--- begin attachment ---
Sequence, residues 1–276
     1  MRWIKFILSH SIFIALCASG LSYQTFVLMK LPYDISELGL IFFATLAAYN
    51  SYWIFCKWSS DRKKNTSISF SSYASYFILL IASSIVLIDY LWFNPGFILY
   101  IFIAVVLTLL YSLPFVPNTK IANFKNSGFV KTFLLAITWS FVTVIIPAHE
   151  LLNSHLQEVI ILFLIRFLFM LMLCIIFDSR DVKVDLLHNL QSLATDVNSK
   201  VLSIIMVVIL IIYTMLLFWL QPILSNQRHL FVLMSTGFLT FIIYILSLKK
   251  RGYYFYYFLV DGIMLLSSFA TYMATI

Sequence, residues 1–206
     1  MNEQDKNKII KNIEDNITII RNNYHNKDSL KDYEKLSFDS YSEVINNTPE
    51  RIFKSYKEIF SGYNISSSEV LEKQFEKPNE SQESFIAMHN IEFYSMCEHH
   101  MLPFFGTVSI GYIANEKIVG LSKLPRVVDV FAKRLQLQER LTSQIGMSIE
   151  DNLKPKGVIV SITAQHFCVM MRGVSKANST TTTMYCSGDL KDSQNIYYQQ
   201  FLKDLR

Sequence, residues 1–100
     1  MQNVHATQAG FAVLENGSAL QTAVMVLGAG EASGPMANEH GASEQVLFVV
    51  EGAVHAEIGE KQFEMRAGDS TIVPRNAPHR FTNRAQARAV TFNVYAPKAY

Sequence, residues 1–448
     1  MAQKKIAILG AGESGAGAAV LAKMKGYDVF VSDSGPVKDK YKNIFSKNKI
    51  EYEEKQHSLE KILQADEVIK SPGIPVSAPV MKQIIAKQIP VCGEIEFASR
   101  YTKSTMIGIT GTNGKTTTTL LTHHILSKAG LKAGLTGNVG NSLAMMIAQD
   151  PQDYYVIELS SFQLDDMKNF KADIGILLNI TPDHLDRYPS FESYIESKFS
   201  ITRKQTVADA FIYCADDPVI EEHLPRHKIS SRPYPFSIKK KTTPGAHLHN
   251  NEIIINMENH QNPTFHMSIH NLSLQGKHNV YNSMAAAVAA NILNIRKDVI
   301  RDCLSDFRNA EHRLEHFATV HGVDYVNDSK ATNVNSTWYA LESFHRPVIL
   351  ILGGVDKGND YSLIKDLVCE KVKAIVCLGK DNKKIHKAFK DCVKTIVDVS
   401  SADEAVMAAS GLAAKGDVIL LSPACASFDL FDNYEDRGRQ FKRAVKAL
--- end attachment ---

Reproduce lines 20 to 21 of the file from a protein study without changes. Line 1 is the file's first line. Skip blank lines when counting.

   101  YTKSTMIGIT GTNGKTTTTL LTHHILSKAG LKAGLTGNVG NSLAMMIAQD
   151  PQDYYVIELS SFQLDDMKNF KADIGILLNI TPDHLDRYPS FESYIESKFS